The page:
JLR restarts engine manufacturing in UK after 18 years with new £500-mn plant

Jaguar Land Rover cemented its position as the UK's leading automotive investor with the setting up of a new £500-million engine manufacturing centre, bringing engine manufacturing in-house for the first time in 18 years.

Queen Elizabeth II inaugurated the new engine manufacturing centre, near the central English city of Wolverhampton in the West Midlands, on Thursday at a high-profile event attended by Ratan Tata and the Queen's husband, the Duke of Edinburgh, politicians and the plant's 300 current employees.

The facility supports regional regeneration with 1,400 jobs created.

''The £500-mijllion facility, announced in September 2011, represents a significant step in Jaguar Land Rover's strategic investment programme and will see engines being produced in-house for the first time in a generation,'' the company stated in a release.

The new centre will manufacture the Ingenium engines, which will power a new generation of Jaguar Land Rover cars, starting with the 2.0-litre diesel, which rolls off the production line early next year, destined for the new Jaguar XE, the release stated.

''It's a very significant step in our global growth,'' said Mike Wright, executive director at JLR, in a round-table discussion ahead of the launch. Producing the light-weight efficient engines presents the company with the opportunity to attract a whole new series of customers. ''For the first time we have strategic control of the design and engineering and manufacture of engines. And for any automotive player, that is a very important strategic step.''

Commenting on the opening Ralf Speth, CEO of JLR, said, "The engine manufacturing centre represents all that is great about British engineering.

The day was one of the ''most important days in the company's history,'' said Speth at the ceremony in the diesel assembly hall of the plant at which the Queen, who arrived in a Range Rover, unveiled a plaque. ''It represents the revitalisation of Jaguar Land Rover that has taken place under the stewardship of the Tata Group,'' he added.

''The engine is at the heart of every car, and manufacturing engines in-house will help us meet our very ambitious cycle plan commitments,'' said Wolfgang Stadler, manufacturing director, during a presentation at the launch. ''We are now ready to deliver.''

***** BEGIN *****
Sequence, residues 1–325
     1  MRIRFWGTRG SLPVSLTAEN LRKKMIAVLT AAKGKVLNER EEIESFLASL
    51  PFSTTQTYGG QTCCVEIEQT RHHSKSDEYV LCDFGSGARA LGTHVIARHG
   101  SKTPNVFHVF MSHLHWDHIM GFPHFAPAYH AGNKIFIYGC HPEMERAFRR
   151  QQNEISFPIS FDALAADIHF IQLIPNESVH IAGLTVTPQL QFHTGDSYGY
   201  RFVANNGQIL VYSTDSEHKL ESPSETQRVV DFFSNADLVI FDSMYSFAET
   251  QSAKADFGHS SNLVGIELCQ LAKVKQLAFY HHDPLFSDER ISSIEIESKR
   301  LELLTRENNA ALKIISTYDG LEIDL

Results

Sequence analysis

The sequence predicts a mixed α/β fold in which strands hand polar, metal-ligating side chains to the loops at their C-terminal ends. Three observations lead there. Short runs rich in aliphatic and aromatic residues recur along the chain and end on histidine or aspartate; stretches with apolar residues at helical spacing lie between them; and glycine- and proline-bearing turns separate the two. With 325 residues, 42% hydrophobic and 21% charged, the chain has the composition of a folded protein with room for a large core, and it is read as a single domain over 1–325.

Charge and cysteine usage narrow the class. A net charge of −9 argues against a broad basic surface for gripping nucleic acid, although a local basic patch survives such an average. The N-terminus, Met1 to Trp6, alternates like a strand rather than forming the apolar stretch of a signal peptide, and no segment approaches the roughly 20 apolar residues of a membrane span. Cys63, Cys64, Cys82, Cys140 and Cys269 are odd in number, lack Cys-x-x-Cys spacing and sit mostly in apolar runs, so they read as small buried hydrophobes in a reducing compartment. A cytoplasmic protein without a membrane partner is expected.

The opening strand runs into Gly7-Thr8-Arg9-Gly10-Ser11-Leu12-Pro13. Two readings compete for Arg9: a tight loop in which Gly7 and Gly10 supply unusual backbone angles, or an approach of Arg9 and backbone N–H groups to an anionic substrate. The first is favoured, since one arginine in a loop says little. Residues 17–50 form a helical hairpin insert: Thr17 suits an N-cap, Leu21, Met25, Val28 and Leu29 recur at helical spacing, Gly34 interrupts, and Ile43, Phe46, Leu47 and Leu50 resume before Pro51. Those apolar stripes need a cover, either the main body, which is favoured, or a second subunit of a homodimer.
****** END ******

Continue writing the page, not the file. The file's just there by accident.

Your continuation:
JLR first announced plans to build the 100,000-sq metre plant (the size of 14 football pitches) in 2011, with construction beginning the following year. It includes an engine testing facility, manufacturing and separate assembly halls for diesel and petrol engines.

Jaguar Land Rover stopped making engines in April 1996, though it has always maintained control of the design process.

The first engine to be made at the new factory will be the low-emission 2-litre, four-cylinder 'Ingenium' diesel engine used in the Jaguar XE, the company's mid-sized executive ''attainable'' car, which it hopes will spur sales growth across the world.

JLR has not made its sales projections public. Jaguar sold 76,669 vehicles in 2013, while Land Rover sold 348,338. The XE is set to hit India in 2016 at the Delhi Auto show.

''Today is just a very important step, in terms of operating and manufacturing our engines, going into the biggest sector of the market,'' said Wright.

''Clearly this allows us to penetrate a price band in the market that we have hitherto been unable to penetrate. So, in that sense, it's very significant.''

In 2013, Jaguar Land Rover sold 425,006 vehicles, up 19 per cent. Of that, Jaguar sold 76,668 vehicles and Land Rover sold 348,338 vehicles.

Jaguar Land Rover is one of the UK's largest exporters and generates in the region of 85 per cent of its revenue from exports.

Jaguar Land Rover reported pre-tax profit of £924 million and revenue of £5,353 million in the first quarter of its financial year (April-June 2014).  During the quarter, Jaguar Land Rover sold 115,596 vehicles. Of that, Jaguar sold 19,556 vehicles and Land Rover 96,040.

For the financial year ended March 2014, Jaguar Land Rover reported full-year results of £2,501 million pre-tax profit; £19.4 billion revenue; and retail sales of 434,311 vehicles.